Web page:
- skip - Brewer’s

Panʹtomime (3 syl.)

,

according to etymology, should be all dumb show, but in modern practice it is partly dumb show and partly grotesque speaking. Harlequin and Columbine never speak, but Clown and Pantaloon keep up a constant fire of fun. Dr. Clarke says that Harlequin is the god Mercury, with his short sword called “herpē” he is supposed to be invisible, and to be able to transport himself to the ends of the earth as quick as thought. Columbine, he says, is Psyche (the soul); the old man is Charon; and the Clown Momus (the buffoon of heaven), whose large gaping mouth is an imitation of the ancient masks. (Travels, iv. 459.)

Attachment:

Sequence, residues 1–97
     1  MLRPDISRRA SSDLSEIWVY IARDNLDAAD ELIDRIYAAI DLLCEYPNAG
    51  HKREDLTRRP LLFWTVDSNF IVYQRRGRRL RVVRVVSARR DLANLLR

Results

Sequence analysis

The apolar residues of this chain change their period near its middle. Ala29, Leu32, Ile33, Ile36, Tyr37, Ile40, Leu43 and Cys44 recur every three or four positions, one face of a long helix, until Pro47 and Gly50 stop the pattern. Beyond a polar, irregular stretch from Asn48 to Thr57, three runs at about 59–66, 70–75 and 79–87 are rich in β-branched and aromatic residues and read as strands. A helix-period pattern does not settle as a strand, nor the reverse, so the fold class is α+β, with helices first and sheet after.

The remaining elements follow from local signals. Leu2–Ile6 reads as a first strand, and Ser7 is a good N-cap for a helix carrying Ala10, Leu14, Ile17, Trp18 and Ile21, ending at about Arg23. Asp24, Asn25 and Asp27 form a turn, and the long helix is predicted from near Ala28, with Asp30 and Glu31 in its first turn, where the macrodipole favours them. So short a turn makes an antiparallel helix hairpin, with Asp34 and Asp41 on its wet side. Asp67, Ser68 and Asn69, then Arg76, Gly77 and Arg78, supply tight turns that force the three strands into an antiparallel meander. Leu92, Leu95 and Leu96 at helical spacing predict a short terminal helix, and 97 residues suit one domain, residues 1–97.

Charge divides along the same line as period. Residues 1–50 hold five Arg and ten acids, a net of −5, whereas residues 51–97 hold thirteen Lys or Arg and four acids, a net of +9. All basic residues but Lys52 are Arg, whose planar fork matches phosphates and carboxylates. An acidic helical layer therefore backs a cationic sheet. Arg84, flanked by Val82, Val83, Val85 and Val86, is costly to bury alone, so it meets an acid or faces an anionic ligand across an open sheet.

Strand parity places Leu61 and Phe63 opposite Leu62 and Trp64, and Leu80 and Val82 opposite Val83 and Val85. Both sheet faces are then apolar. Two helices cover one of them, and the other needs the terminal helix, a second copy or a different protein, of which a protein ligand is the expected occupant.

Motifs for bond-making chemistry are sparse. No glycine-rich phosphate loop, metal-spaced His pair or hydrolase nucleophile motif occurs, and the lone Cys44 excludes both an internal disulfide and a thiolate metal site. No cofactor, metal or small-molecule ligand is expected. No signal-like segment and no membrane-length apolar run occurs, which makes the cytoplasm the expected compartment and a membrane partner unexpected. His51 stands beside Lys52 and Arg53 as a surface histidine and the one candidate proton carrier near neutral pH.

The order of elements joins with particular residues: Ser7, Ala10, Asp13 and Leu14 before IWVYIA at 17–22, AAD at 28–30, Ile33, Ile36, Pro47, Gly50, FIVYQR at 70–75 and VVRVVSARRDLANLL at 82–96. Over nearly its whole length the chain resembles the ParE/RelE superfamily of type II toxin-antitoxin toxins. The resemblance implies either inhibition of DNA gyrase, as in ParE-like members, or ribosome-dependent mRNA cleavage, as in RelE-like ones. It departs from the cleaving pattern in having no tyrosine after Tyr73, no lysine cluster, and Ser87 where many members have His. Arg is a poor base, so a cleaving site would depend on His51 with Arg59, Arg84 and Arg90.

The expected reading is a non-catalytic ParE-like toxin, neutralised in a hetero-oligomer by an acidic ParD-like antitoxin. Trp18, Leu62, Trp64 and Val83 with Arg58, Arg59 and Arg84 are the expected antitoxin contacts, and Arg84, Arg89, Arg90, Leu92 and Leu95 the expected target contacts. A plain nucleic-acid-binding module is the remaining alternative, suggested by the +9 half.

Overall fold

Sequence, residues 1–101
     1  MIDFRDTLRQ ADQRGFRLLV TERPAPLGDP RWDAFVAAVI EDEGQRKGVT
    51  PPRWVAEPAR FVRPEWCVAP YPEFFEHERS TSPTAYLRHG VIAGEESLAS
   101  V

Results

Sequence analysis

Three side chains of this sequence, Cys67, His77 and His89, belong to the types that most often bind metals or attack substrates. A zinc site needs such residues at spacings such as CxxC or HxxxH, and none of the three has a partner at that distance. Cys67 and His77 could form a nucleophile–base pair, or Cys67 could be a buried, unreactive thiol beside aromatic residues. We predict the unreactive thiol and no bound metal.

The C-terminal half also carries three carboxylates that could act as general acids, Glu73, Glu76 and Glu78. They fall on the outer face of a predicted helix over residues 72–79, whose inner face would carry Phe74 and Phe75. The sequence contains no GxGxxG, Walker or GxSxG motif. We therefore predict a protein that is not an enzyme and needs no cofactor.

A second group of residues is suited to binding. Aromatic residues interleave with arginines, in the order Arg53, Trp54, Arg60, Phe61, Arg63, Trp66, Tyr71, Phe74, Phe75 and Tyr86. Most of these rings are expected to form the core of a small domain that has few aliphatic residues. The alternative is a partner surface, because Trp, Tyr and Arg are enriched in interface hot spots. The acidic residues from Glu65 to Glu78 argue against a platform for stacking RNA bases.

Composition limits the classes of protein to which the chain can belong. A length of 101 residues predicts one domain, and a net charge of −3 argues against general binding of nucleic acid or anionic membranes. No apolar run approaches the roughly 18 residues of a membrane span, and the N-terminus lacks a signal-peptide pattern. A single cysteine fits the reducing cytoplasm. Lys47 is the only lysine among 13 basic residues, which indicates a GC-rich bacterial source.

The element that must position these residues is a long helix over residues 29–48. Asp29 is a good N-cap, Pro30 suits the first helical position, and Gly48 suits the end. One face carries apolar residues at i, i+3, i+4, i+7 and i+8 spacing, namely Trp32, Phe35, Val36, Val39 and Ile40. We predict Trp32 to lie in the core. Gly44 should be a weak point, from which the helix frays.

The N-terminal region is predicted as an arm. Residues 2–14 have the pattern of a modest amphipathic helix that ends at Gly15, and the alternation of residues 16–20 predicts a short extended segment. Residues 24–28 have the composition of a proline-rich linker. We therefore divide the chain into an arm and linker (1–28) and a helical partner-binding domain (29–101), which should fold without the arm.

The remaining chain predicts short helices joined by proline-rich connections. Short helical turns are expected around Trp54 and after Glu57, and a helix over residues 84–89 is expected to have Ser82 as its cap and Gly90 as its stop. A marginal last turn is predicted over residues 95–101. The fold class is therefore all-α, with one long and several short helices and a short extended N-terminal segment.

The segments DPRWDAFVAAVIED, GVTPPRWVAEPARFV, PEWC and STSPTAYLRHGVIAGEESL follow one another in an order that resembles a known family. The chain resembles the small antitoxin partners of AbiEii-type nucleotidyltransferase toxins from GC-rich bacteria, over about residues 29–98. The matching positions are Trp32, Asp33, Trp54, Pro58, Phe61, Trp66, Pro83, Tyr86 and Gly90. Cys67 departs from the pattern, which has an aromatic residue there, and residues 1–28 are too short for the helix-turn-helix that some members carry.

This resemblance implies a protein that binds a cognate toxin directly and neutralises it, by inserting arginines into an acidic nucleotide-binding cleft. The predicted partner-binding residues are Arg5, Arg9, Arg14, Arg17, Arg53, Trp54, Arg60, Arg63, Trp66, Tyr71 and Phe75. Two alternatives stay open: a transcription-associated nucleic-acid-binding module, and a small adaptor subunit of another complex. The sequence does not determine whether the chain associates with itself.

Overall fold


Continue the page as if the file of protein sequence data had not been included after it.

The best Roman pantomimists were Bathylus (a freedman of Mæcēnas), Pylădēs, and Hylas.

previous entry · index · next entry

ABCDEFGHIJKLMNOPQRSTUVWXYZ

Entry taken from Dictionary of Phrase and Fable, edited by the Rev. E. Cobham Brewer, LL.D. and revised in 1895.

previous entry · index · next entry

Pantagruelion
Pantagruelion Herb (The)
Pantaloon
Pantechnicon
Panthea
Panthea (Greek)
Pantheon
Panther
Panthera
Pantile Shop
Pantomime
Panton Gates
Pantry. (French, paneteric
Panurge
Panyer Stone (The)
Pap
Papa, Father
Papal Slippers (The)
Paper
Paper a House (To)
Paper King